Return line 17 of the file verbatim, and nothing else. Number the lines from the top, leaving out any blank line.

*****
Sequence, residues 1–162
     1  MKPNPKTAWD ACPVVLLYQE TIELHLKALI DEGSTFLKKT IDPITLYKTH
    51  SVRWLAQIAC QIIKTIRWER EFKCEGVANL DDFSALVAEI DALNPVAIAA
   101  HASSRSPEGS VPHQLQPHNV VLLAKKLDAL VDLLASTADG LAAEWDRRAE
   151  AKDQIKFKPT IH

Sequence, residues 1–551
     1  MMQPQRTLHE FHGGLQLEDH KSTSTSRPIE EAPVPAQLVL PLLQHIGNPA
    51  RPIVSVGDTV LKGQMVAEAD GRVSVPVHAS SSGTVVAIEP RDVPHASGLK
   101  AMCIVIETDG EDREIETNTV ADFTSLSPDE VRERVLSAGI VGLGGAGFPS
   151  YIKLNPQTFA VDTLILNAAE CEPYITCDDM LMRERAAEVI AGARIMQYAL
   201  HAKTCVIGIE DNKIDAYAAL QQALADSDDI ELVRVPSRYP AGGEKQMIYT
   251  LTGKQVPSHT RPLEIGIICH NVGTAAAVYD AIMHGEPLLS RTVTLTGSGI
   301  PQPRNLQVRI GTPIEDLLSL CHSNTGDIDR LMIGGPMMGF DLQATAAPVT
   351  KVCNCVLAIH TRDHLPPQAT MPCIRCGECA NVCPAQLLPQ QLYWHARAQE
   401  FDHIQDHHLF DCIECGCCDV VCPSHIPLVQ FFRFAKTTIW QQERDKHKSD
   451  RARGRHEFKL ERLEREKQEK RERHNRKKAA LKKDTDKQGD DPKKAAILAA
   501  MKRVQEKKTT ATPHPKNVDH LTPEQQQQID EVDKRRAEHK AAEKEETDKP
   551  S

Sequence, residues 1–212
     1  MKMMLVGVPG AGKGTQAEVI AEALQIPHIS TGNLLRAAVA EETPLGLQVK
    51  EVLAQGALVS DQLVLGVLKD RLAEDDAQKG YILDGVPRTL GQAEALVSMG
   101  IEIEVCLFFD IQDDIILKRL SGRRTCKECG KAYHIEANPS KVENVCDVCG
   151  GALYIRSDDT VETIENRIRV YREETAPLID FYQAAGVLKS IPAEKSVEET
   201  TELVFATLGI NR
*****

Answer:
   501  MKRVQEKKTT ATPHPKNVDH LTPEQQQQID EVDKRRAEHK AAEKEETDKP